An RCD is very worthwhile - a defacto requirement for new boats. Also, every source requires that green and neutral be bonded at that active source. Moreover - safety green - no matter how it is arranged - offers no protection whatsoever if one touches hot and neutral.

So far I can't think of any safety threat - nor has anybody listed one - that arises because safety green is made continuous.
Jeepers , how many times , if you bond the on board green wire to the transformer neutral and onto the shore earth , you effectively destroy the purpose of an isolating transformer. Fault currents can now run from the transformer hot side , thru you to earth and back via the earth connection to the neutral of the transformer.

What that does in ABYC speak is convert a perfectly safe isolating transformer into a less safe polarising one. It exposes onboard recipients to all the fault modes that earth referenced AC systems exhibit and essentially defeats the purpose of isolation.

I've just listed several threats above. The whole point of magnetic isolation is that fault currents can only flow back to the source via specific paths that do not include earth. Hence I can hold the live wire of an isolating output and stand in the sea or a puddle of water and nothing happens.

Dave
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Old 13-08-2013, 07:55   #95
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Re: Heads Up - Victron Isolation Transformer

A lot of this has been stated in various posts above so I will summarize:

1. The ABYC requires bonding of neutral to safety ground at all onboard derived sources; generators, inverter/chargers, and isolation transformers. This is similar to the NEC requirement for shore based systems.
2. The shore side safety ground is terminated at the electrostatic shield of the isolation transformer. Of course this requirement deals with a conventional core based transformer and not the new switch mode isolation transformers.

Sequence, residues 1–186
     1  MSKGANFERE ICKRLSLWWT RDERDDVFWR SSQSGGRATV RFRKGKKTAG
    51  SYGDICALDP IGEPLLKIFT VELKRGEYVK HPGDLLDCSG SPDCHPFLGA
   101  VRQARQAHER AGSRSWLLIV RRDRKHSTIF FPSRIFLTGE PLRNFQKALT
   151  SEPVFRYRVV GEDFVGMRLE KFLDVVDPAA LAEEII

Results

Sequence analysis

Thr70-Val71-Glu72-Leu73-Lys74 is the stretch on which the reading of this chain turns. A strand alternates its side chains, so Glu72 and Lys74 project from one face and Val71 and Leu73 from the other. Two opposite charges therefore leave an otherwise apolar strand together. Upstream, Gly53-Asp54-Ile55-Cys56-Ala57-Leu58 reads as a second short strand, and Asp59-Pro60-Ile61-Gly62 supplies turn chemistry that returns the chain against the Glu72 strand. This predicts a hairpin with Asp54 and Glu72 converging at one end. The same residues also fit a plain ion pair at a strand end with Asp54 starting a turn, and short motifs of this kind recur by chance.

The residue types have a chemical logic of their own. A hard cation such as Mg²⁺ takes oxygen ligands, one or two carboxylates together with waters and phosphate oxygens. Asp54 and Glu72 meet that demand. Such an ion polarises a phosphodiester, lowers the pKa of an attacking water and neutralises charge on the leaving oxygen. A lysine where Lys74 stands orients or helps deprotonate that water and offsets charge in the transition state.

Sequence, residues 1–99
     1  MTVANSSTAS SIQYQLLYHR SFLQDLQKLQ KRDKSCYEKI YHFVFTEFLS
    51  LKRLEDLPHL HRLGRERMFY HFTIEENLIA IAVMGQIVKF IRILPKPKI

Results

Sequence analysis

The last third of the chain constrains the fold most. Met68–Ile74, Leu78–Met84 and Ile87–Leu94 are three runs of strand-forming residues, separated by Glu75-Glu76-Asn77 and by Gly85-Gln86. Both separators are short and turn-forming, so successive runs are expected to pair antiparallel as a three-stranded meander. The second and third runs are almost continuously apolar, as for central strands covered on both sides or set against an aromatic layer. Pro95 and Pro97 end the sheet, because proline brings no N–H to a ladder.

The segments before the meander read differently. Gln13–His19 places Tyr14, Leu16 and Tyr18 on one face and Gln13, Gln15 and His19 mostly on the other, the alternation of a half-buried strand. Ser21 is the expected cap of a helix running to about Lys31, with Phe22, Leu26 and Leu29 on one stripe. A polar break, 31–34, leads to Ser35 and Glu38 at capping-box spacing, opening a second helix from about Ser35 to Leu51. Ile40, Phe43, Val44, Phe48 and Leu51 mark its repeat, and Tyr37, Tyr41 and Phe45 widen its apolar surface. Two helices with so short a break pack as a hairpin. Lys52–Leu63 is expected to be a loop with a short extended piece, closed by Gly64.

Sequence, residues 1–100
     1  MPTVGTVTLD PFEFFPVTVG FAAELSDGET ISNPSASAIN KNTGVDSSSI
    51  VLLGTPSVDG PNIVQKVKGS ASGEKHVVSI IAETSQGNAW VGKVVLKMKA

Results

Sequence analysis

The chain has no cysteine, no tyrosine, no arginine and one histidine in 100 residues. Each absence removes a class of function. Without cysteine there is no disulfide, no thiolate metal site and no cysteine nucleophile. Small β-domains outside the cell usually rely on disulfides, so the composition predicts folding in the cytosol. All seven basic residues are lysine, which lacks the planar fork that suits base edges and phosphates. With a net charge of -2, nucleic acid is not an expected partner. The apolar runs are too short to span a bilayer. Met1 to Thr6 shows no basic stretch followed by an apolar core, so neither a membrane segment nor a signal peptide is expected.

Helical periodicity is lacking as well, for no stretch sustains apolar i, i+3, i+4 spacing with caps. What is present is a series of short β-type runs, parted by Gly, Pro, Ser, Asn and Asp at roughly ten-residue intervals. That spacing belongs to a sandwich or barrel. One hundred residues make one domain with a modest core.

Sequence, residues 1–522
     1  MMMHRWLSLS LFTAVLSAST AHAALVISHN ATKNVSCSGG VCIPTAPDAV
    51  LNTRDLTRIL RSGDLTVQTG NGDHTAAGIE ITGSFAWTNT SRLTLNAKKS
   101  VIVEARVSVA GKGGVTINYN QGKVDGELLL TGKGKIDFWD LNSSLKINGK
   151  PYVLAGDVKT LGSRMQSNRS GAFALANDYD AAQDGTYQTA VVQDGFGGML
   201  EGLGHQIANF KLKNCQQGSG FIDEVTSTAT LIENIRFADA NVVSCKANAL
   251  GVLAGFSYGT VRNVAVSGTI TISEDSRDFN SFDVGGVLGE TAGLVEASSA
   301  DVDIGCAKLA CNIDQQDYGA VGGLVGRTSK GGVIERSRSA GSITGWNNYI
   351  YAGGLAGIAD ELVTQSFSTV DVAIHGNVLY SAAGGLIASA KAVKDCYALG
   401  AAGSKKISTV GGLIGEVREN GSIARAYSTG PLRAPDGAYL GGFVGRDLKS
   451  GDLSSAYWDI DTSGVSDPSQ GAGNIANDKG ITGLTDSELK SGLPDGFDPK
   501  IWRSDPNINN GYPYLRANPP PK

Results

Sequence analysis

3. In a 240VAC/50A split phase application with an isolation transformer, the shore side neutral is not brought aboard. The neutral is derived at the secondary of the isolation transformer.
4. The vessel side safety ground is bonded to neutral and to the case of the isolation transformer.

The results of this are:
1. The vessel is galvanically isolated from the rest of the world.
2. The shore side safety ground provides a redundant low impedance path back to the source (the grid transformer) should a fault occur within the windings of the isolation transformer and to ensure that a fault has a path back to the source so that the protective circuit breaker will trip.
3. The bonding of N>G at the secondary of the isolation transformer provides a redundant low impedance path back to the source to ensure that a fault has a path back to the source (the isolation transformer) so that the protective circuit breaker will trip.

My advice to the OP:
1. Don't remove the IT, correct the installation problem.
2. Determine why your hull potential is in the low end of the protected range.
3. Determine if you have a stray current issue on your vessel that is accelerating anode wastage.

Hope this helps clarify this issue.
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Old 13-08-2013, 09:31   #96
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Originally Posted by CharlieJ View Post
A lot of this has been stated in various posts above so I will summarize:

1. The ABYC requires bonding of neutral to safety ground at all onboard derived sources; generators, inverter/chargers, and isolation transformers. This is similar to the NEC requirement for shore based systems.
2. The shore side safety ground is terminated at the electrostatic shield of the isolation transformer. Of course this requirement deals with a conventional core based transformer and not the new switch mode isolation transformers.